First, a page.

The only limit to DeFi is organizational imagination

In the following contribution we suggest that finance can be best ideated not as a process to be improved but as a powerful growth engine in its own right. For retail organizations, as well as their financial partners, DeFi (decentralized finance) can provide an innovative source of profit as well as an effective means of engaging with both your customers and business partners. Let’s explore what DeFi can mean to your business, what are the potential benefits, and why you should care.

For business decision-makers, new technology is never a business outcome…

The road towards the forthcoming financial revolution won’t be paved with data, but with trust.

The promise of open finance — built upon innovations in technology, the regulatory environment, and business models — is changing the way we think about payments, investments, and lending. Yet often missing in the rush to transform finance from a critical process to a product in its own right is the need to sufficiently provision sources of consumer trust.

When retail and service organizations evaluate the business case for open finance in light of their digital strategies, they are missing a critical point: data will never be worth more than the confidence their stakeholders have in their data practices. We…

Will embedded finance increase your organization’s revenue per customer 2–5x?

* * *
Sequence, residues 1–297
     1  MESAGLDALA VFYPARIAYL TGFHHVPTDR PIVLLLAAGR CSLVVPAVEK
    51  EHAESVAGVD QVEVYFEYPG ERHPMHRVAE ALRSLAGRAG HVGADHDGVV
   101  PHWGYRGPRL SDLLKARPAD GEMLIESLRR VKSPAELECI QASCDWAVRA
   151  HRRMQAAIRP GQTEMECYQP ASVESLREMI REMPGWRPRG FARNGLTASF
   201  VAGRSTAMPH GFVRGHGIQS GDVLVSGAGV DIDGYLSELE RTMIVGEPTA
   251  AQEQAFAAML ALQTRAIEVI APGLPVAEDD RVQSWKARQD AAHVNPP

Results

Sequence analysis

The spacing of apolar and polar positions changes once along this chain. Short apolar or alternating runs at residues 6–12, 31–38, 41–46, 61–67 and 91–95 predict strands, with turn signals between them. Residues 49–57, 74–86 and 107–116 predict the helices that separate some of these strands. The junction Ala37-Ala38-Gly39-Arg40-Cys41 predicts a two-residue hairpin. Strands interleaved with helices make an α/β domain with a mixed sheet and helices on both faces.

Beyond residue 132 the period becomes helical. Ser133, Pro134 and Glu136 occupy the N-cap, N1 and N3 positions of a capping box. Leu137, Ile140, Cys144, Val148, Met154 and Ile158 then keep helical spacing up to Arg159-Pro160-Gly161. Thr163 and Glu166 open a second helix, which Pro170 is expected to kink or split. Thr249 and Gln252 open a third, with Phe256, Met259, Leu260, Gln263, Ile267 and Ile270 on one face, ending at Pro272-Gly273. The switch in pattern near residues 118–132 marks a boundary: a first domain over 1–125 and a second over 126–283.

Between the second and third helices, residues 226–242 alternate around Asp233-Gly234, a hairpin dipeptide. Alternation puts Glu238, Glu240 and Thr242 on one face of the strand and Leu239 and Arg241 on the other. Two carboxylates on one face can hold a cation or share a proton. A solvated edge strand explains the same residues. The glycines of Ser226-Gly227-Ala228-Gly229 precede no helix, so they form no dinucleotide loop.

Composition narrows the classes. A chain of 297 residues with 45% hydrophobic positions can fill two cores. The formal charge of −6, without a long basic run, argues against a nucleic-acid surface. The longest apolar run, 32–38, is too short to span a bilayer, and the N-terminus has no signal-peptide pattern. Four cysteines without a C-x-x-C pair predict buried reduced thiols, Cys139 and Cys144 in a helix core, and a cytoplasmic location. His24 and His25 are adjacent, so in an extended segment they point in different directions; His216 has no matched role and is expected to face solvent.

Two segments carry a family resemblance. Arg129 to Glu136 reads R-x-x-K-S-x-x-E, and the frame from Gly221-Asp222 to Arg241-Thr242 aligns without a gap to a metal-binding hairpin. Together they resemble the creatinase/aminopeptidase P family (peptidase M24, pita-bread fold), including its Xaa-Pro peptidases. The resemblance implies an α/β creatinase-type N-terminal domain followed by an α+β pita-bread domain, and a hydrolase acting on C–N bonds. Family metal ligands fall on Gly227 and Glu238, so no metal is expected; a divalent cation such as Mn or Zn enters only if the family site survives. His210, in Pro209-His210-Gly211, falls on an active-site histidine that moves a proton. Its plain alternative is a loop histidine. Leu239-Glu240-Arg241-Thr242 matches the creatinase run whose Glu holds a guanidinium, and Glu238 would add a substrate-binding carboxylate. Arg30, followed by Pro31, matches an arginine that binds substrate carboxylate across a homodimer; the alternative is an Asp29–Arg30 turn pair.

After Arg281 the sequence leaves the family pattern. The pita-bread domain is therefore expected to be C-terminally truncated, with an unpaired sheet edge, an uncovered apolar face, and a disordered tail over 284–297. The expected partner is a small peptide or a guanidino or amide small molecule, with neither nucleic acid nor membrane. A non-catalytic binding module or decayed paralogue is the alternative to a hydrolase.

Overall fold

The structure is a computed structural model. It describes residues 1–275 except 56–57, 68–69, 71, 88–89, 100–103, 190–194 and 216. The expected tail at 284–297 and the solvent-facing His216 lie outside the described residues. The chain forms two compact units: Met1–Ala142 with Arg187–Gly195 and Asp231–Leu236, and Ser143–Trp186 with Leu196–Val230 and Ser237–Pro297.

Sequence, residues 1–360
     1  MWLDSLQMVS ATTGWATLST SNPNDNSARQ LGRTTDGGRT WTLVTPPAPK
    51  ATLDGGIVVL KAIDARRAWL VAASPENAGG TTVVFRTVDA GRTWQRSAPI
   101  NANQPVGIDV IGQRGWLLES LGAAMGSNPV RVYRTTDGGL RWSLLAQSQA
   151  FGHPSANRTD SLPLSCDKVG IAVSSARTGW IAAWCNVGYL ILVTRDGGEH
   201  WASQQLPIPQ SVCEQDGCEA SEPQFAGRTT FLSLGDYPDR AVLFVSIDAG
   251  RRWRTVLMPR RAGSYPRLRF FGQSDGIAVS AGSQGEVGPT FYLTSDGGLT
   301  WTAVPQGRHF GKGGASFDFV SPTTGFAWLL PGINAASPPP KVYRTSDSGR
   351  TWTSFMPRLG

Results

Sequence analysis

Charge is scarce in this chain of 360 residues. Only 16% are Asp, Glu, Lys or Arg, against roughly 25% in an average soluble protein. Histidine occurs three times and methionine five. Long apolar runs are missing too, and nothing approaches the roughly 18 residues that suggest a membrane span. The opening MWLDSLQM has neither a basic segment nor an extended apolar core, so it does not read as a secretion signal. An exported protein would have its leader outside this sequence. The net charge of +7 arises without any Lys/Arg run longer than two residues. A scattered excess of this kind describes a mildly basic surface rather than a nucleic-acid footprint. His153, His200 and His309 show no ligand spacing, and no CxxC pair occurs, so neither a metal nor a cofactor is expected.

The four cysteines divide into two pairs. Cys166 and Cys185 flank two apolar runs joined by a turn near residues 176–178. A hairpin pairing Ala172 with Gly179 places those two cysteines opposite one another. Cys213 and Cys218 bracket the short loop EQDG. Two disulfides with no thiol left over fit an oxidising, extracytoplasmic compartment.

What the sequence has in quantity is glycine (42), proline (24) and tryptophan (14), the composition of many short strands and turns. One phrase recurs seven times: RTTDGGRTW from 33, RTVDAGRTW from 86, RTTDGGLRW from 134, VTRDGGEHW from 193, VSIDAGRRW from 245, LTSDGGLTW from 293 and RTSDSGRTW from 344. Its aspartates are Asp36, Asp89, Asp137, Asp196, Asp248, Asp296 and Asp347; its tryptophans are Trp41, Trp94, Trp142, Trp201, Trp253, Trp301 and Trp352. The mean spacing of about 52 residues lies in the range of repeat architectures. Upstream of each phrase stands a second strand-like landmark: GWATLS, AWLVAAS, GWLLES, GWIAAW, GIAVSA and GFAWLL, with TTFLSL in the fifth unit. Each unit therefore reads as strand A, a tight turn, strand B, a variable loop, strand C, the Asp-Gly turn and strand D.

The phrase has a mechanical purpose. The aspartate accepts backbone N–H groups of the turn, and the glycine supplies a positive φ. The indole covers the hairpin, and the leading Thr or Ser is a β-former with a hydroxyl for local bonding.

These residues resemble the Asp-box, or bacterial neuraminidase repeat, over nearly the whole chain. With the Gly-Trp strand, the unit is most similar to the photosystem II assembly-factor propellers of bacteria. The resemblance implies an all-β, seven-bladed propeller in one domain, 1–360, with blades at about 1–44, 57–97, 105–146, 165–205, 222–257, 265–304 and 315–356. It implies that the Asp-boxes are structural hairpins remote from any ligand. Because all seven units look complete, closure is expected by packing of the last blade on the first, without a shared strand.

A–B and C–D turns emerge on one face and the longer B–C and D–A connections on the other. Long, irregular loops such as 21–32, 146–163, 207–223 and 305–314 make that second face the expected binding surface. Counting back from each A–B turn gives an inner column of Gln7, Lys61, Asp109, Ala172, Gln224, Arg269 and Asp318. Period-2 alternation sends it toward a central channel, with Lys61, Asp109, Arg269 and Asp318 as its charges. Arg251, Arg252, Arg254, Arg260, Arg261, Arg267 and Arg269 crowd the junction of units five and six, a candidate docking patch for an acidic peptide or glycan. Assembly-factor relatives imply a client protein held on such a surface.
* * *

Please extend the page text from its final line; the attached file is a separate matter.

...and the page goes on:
Image Credit: GIlly on UnSplash

Embedded finance involves integrating payment, loan, insurance, and investment services into your organization’s technology platform and apps. For consumers, embedding financial services saves time, is more convenient, and can provide a significantly improved customer experience. In the short term, this minimal investment creates direct revenue opportunities for retail organizations by capturing a larger percentage of the benefits of each sale at a marginal cost.(1)

Over the long run, finance as a service provides sales organizations the data needed to fuel a deeper understanding of customer experiences that drive loyalty and…

If digital ethics is nothing new, each generation of information technology amplifies the ethical challenges in developing human intelligence

Photo by h. heyerlein on Unsplash

As the applications of artificial intelligence in both business and society become more ambitious, digital ethics has become a growing concern for both individuals and governments. Ethics concern a set of social conventions that develop “our capacity to think critically about moral values and direct our actions in terms of such values”.[i] What is the specificity of digital ethics, and how do these considerations differ from those of ethics in general? These concerns are more a question of degree than of kind, for each new generation of information technology introduces increasingly salient challenges for humanity. …

Crunching the numbers isn’t enough to transform data into action

During the SwissCognitive conference I gave online last week on putting AI in perspective, I studied the faces of several dozens in the audience to the right of my screen. Although their micros were muted during my talk, each figure offered me clues of their past experience, insights into how they live the present crisis, and glimpses of their perspectives of the future.

The social and economic consequences of the current Covid- 19 pandemic offer us a “Decisive Moment” where we can potentially choose to alter the course of history. …

We are in the eye of the COVID-19 storm, let’s use the data at hand to chart the course we wish to sail in the future.

From Anxiety to Action